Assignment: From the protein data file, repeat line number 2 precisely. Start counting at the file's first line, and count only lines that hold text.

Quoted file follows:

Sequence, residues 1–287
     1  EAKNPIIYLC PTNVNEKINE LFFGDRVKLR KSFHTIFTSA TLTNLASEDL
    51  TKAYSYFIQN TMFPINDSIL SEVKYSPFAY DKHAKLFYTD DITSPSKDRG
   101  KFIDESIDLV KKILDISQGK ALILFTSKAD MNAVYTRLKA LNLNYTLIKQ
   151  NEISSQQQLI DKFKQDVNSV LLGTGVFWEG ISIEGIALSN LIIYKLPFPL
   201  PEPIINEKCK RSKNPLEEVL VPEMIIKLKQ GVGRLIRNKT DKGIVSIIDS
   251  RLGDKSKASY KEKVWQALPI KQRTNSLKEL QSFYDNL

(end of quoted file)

     1  EAKNPIIYLC PTNVNEKINE LFFGDRVKLR KSFHTIFTSA TLTNLASEDL